Web Analytics


The Dixie Chicks emerge from a messy legal turmoil with personal triumphs and a benchmark album

Story by Larry Holden

Imagine a newsstand jammed with newspapers, all screaming out true-to-life Dixie Chicks headlines - natalie's lil' slade goes varoom! ... emily paints nursery blue, worries about belly/dobro connection ... martie gets irish re-hitch, puts off baby ... dixie chicks stay in sony nest for barnful of bucks ... unruffled chicks return -- and rock the coop!

In the past year, the Chicks -- Natalie Maines, Emily Robison and Martie Maguire -- have made front-page news while putting their own twist on the old saying, When life gives you lemons, you make lemonade. Industry naysayers crowed when the mega-talented trio took their record company to court, certain it was a career-ending move. How wrong the tongue-waggers were!

Now the gals are back, with a legal settlement netting them a more lucrative contract and a multimillion-dollar advance. Plus they're again making musical waves with a gutsy new album, Home, powered right out of the box by "Long Time Gone," the fastest-rising single of their career!

"A lot of people have the misconception that we were out of the limelight and not working because we were in a legal battle with Sony," notes Natalie. "In actuality, that time away was very planned. We'd been working nonstop for five years and felt like we deserved some time off. I was pregnant and having Slade. And Emily got pregnant, too.

"All of us needed to be with our families, find our new houses in Texas and do that sort thing. It was a great time, and it was almost like the Sony lawsuit just fit into the plan."

The Chicks definitely made lemonade during their time off -- in fact, they squeezed out so much personal and professional nectar that they could've bottled the beverage and marketed it with Long Time Good labels. In this first major interview since their self-imposed media hibernation of almost a year, Natalie, Martie and Emily reveal all that was going on in their lives during their months out of the spotlight.

Now, about those newspaper headlines ... Natalie's lil' Slade goes varoom!

"Jackson Slade, now 17 months, is motoring around nonstop," laughs Natalie. "And he's obsessed with motorcycles. He does his hands like he's on a motorcycle and runs around going varoom, varoom."

And her active son imitates his proud papa, actor Adrian Pasdar, when he goes for "nothing but net" with his imaginary basketball. "Slade walks around pretending he's just shot a basket -- and he's got a good follow-through!"

The young "jock" doesn't like typical kid stuff on TV. "We've tried to get him to watch cartoons," confesses Natalie, "but the only thing he'll watch is ESPN. He's fascinated with sports and balls of all kinds."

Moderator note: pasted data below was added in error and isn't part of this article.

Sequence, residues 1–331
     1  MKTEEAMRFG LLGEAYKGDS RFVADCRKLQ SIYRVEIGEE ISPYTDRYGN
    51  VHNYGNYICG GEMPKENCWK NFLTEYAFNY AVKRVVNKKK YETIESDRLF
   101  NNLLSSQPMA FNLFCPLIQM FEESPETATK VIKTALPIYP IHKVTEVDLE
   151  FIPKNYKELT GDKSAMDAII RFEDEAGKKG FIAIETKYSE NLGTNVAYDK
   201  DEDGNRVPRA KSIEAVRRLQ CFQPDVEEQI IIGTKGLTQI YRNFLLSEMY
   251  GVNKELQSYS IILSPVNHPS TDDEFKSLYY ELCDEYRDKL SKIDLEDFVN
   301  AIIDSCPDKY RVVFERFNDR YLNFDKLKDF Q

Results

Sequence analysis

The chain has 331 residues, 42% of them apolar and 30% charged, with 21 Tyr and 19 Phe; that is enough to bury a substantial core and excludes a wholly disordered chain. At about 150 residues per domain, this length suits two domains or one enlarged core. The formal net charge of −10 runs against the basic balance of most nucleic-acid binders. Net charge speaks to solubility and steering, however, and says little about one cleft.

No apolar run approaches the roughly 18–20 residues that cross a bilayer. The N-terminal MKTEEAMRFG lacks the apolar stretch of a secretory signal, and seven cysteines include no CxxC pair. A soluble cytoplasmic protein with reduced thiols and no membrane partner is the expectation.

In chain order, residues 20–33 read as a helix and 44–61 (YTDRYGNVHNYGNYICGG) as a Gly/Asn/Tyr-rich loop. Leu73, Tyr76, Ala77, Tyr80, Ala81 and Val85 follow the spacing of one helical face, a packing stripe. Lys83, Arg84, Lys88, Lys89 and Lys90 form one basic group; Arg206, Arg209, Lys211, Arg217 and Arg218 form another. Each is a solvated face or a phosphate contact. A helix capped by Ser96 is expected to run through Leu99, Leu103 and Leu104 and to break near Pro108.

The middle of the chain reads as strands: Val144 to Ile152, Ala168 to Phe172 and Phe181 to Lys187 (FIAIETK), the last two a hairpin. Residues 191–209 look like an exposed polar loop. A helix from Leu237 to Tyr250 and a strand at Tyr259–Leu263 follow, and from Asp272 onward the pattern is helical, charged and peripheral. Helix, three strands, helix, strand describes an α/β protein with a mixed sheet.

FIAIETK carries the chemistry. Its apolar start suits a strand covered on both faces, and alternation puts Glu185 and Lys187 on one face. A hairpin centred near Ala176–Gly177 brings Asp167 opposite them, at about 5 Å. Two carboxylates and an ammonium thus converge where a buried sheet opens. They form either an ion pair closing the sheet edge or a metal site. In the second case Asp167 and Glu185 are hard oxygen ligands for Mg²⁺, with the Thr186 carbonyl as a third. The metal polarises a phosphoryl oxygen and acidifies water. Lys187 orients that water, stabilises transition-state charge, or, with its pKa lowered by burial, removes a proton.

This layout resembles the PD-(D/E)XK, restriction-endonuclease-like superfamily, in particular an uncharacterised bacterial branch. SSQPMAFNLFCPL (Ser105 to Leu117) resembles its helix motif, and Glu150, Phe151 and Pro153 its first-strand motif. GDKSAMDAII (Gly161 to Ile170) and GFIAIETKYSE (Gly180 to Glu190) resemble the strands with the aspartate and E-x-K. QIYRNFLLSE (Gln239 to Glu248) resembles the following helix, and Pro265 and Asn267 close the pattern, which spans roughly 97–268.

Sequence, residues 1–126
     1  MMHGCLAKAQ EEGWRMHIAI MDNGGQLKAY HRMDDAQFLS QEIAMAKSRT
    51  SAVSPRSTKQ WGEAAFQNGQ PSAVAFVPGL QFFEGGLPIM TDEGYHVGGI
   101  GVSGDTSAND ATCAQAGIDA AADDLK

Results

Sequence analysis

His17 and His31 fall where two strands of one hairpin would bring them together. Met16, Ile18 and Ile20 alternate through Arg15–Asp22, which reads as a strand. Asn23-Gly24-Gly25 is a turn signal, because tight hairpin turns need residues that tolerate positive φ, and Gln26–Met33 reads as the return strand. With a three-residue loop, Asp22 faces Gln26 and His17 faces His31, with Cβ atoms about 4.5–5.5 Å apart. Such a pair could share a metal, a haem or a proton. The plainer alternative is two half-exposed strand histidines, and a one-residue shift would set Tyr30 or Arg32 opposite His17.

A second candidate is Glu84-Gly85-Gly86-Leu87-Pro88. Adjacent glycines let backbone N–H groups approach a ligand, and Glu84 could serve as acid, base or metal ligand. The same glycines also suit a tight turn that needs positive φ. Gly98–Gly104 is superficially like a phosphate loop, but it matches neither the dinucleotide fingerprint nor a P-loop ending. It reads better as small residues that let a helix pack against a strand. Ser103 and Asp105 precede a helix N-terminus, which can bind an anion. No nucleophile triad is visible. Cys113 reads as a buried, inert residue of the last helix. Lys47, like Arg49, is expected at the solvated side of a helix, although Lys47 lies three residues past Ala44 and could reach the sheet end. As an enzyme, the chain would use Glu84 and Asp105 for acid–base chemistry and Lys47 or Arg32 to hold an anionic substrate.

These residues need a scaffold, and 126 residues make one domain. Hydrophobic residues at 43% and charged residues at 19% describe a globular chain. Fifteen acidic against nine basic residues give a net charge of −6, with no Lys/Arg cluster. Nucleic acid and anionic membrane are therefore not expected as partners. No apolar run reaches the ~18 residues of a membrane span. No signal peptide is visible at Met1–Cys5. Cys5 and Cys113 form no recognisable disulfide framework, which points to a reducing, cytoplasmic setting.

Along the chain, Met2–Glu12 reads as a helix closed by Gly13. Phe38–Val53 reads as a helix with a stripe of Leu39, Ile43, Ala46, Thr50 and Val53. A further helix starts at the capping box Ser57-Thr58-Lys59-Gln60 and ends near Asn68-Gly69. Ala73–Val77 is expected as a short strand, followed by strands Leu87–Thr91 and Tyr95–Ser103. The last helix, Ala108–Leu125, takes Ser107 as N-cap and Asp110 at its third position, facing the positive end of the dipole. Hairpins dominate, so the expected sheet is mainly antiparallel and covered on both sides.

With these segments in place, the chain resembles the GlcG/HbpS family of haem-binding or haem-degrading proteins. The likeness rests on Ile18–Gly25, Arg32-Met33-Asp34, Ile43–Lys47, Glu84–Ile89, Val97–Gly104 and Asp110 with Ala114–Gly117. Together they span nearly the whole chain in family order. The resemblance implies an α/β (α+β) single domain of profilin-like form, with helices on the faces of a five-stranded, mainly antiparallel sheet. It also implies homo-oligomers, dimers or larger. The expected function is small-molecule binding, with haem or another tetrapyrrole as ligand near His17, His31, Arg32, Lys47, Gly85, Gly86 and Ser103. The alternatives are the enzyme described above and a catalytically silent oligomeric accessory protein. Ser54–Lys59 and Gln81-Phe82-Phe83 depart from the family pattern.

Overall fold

So who does Slade most look like -- Natalie or Adrian?

"Me," she proclaims. "He's a blondie!"

And who does he most act like?

"Adrian and I are both high-energy people and we're both performers. Slade's a high-energy show-off who loves to be the center of attention!"

Slade definitely takes after his musical mom. "He bops to music and dances really funny," declares Natalie. "He's very musical."

"In the song 'The Wheels On The Bus Go 'Round And 'Round,' " she adds with a motherly smile, "there's a verse where the bus driver says, 'Move on back, move on back.' When Slade hears that, he motions 'move on back' by pointing his thumb over his shoulder."

Emily paints nursery blue, worries 'bout belly & dobro connection

"My due date is Nov. 14," notes Emily. "We're having a boy. Most likely his first name will be Charles, after Charlie," referring to her singer/songwriter hubby, Charlie Robison. "But we could call him by his middle name, which we haven't decided yet."

Emily has decided about the new nursery. "We're remodeling our home and the nursery is being worked on right now. I'm excited about it, and I'm waiting on my nursery furniture."

Her pregnancy has gone very well. "Even so, it's a roller-coaster ride," she confides. "You go through periods of testing, which are nerve-racking. But he's healthy, so I just say my prayers every day."

Emily's also praying she can figure out how to play her instruments as her stomach expands. "I've got to work out playing around this belly," she laughs. "I can probably play the banjo 'sidesaddle,' but not the Dobro. I might have to get a special stand made for it.

"We have a show on Oct. 19 at the Texas State Fair - three weeks from my due date. I'm sure I will be quite the spectacle for the fans who come out!"

Pick up the whole article in the current (9/3/02) "Newsstand Issue" on sale now!